Skip to main content

Do your knees hurt? Are you hesitant to dance, hike, bike, or take the stairs because of weakness or pain? Today, I want to share four key steps to preventing and correcting knee pain. Yes, it is possible! And it’s certainly something I know about. Over 50 years ago, I blew out my knees in gymnastics. If you experience knee pain, you are NOT alone!

In fact, over 100 million Americans suffer from chronic pain, and the second most common type of chronic pain is knee pain. So let’s talk about building a healthy habit, and banishing knee pain for good!

First of all, knee pain isn’t your fault. It might stem from a few different causes: injury, malalignment, weakness, disease…but the great thing is, much of knee pain is correctable. It doesn’t have to haunt you forever!

Step 1: Alignment

So where do we start? Well, let’s look at alignment, our first key element in preventing knee pain. You can practice perfect alignment by getting ready to sit with your feet straight forward, keeping the middle of your kneecap aligned right over your second toe. Your hip bones should be fairly in line with your kneecaps, too. Now, make sure to keep your knees apart as you sit (about a fist-width apart). I know it’s not easy!

Commonly, your knees “kiss” together when you squat…but we don’t want that! If your normal squat involves your knees touching, that can indicate hip and knee muscle weakness and malalignment. You’re going to need to work to keep your knees apart and aligned with your feet. Watch your knees as you slowly sit or stand—keep that “fist width” between your knees.

knee pain on staircase

We want a nice, slow squat in order to reduce knee pain. Take it easy, with toes straight ahead, maintaining that knee space. Take a moment now and attempt to squat properly—only as far as you can without pain. Use your hands for safety, not to hold you up. See, not so hard! In about three weeks to three months, the weak-knee “wobble” and the pain will lessen and probably cease within a year.

When you squat, you are working on your balance, too. It’s okay if this is tricky. Remember, the more you use those knees, the stronger they will be! No more knee pain!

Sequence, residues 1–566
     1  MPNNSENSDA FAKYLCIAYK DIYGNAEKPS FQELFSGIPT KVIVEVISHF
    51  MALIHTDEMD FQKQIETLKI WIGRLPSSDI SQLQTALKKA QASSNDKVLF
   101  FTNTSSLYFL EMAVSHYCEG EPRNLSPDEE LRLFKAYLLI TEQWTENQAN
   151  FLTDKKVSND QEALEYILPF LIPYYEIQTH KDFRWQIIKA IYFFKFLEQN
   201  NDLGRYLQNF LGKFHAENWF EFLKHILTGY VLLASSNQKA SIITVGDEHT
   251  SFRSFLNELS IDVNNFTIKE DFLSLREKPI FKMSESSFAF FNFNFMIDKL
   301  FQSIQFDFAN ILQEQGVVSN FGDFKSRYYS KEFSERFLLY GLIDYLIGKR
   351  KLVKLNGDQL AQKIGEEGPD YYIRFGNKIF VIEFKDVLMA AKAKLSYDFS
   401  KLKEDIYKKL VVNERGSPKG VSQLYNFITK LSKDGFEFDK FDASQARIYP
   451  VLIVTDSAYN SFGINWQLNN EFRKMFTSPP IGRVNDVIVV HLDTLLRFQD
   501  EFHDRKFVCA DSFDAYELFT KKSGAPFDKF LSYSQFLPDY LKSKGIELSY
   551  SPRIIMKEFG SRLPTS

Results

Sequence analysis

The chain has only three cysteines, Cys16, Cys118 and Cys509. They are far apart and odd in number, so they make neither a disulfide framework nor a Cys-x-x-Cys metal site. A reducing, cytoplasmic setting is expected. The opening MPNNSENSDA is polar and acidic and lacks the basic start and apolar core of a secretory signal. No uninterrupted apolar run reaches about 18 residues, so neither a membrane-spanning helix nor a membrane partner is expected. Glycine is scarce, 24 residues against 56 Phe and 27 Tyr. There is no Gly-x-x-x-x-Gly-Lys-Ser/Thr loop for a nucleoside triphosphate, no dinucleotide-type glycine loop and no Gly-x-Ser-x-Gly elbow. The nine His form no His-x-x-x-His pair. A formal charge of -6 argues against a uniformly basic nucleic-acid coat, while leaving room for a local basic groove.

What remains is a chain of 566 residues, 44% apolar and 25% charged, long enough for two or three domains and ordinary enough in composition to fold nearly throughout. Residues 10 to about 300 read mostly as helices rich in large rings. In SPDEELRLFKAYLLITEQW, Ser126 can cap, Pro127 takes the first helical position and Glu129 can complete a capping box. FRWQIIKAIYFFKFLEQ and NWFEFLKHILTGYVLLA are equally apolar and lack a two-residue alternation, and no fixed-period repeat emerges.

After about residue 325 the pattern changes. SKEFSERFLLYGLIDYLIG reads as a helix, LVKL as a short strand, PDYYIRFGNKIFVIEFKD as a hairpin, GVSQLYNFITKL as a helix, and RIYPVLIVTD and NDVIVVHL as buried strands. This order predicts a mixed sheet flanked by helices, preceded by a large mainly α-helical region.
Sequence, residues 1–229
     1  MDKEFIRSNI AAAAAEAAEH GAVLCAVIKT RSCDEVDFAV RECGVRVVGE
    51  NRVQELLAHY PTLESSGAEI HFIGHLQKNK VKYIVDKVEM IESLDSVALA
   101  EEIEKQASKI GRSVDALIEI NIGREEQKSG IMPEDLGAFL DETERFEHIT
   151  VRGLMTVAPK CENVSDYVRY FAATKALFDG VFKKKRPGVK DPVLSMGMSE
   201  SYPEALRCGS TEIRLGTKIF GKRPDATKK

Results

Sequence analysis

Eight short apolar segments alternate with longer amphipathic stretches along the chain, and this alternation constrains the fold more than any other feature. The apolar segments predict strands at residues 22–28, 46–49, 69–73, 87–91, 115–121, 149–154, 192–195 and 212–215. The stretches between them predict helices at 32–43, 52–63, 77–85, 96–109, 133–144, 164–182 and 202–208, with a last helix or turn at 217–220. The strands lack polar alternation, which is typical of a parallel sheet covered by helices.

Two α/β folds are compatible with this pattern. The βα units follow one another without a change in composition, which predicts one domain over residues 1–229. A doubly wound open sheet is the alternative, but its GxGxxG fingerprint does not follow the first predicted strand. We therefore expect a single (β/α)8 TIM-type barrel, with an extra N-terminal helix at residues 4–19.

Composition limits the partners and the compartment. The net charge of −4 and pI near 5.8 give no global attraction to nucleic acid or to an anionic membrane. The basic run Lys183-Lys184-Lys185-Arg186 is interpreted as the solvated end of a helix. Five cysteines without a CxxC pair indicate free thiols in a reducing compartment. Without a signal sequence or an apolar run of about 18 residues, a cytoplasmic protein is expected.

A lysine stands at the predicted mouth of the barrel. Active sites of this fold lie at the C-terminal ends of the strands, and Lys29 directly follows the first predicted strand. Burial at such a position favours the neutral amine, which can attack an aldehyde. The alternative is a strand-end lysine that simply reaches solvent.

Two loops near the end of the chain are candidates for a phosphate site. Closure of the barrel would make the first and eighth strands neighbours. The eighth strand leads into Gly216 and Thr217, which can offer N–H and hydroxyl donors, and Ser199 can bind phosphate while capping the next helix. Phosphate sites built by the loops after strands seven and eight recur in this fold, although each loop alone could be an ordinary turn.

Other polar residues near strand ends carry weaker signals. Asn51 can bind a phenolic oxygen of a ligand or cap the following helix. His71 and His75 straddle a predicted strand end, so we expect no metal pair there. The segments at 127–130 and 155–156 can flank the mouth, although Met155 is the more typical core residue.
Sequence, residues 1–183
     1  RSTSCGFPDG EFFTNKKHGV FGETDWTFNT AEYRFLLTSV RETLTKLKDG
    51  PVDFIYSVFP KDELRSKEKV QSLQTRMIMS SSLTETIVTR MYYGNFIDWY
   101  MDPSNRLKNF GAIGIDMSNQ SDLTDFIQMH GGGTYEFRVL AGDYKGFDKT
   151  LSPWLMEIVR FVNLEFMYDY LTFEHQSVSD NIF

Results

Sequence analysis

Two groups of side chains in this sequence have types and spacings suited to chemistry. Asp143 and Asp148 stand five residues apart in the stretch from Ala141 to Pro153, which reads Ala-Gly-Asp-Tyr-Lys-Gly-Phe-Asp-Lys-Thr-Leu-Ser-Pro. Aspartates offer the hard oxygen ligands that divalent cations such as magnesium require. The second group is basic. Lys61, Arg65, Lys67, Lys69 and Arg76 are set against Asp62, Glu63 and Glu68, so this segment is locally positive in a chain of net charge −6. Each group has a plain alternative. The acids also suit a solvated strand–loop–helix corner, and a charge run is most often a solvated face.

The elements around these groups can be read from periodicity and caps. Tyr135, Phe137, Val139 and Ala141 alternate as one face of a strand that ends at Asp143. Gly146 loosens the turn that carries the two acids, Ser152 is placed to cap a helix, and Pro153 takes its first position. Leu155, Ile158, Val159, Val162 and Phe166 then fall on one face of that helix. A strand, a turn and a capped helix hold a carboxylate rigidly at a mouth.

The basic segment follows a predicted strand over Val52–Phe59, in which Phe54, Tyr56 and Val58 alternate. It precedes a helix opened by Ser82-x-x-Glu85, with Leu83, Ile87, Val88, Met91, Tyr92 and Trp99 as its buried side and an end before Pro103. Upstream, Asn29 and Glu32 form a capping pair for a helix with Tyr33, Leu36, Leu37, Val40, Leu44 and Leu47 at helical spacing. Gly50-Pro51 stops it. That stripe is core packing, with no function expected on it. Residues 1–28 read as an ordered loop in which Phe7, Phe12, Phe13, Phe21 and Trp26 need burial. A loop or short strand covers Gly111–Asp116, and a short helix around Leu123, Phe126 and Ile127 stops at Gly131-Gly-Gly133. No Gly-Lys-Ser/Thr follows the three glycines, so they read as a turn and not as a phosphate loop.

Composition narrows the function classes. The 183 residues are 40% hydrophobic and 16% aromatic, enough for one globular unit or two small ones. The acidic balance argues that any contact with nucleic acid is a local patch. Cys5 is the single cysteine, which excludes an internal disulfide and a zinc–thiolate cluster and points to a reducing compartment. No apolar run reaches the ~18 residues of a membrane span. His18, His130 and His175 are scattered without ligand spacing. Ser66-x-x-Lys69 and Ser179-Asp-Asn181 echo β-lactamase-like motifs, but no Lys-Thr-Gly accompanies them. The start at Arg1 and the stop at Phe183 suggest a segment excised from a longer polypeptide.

Step 2: Slow Control

Second, you want to make sure you’re using slow control when you sit and stand. You want to stand up slowly and in control, maintaining that alignment. Remember, focus on using your legs, not your arms!

If you’re used to relying on your arms, you will feel some discomfort in your legs when you use your arms less for support.

Strength and control allows your hips, legs, and back to stay strong and in control as you slowly sit and slowly stand. Plus, you’ll build your balance, which can prevent falls and protect your furniture.

Sit Like Royalty

Lots of people tend to sit like…well…a sack of potatoes—thud. Where rice is a big staple, I’d encourage patients not to crash onto sofa or chairs like a sack of rice. Whichever starch you choose to resemble, lots of people tend to flop into their seats. But if you want to protect your knees and correct that knee pain, you can’t be a sack of potatoes! Instead, work on sitting like royalty—slow, in control, elegant.

First, make sure the chair is under you. Once you find the chair, see if you can sit without the hand rests. Don’t use your arms. Lean forward gently, following our rules of strength and control, with feet back under you and toes straight ahead. Slowly stand up. You certainly may use your hands if you need to prevent pain as your strength builds.

This slow sitting and standing is great to practice. Make sitting like royalty, with excellent alignment and slow control, a lifelong habit – every time you sit or stand. You can do this!

Step 3: Ice

The third tip is proper use of ice. Numbing cold can help stop pain, increase circulation, and decrease muscle spasms, all without the side effects of medicine. I’ll talk about that in another post, but in the meantime, remember that ice is your friend!

Move the ice around the painful knee—but not over the knee cap—with ice cubes or a paper cup of ice for 1-3 minutes, until the painful area is pink and numb. Avoid frostbite! Allow your knee 45 minutes to an hour to warm up and then you may repeat this helpful, pill-free pain reliever. This procedure will relieve your knee pain.

Step 4: Massage

Last, but not least, is massage. As I built strength in my legs to stop that knee pain, I was constantly massaging my knees, for many, many years. It really helps. You can do it yourself, taking time during dull moments to massage and work those knees.

Wiggling, too, is a good trick. With feet on the floor, lift your toe, then your heel, to move your knees a bit, keeping them from getting stiff. It’s a good way to wake up your knees before you get up or sit down. You’ll want to make sure your chair is there and your knees are “awake” so you don’t go from stock-still to racing, or vice versa.

If you follow these tips, your furniture will love you, and your knees will improve! It just takes consistency and time, so keep at it!

Alignment in Action

As an example, one of my patients was a mom with three kids under three years old, with a tri-level home. She couldn’t understand why her knees weren’t getting better. In this case, overuse was her trouble, so with treatment, alignment training, massage, ice, and even going up and down stairs on her bottom, my patient was able to build her knee strength back up.

Whether I’m working with dancers, ranchers, runners or basketball players, the basic process is the same. We work on alignment and build strength to correct the cause of pain and weakness. But this kind of change can be a slow process, and it can take months to a year. Don’t give up! You can do it!

I like to think of Job 4:4 which says, “Your words have supported those who are falling. You encourage those with shaky knees.”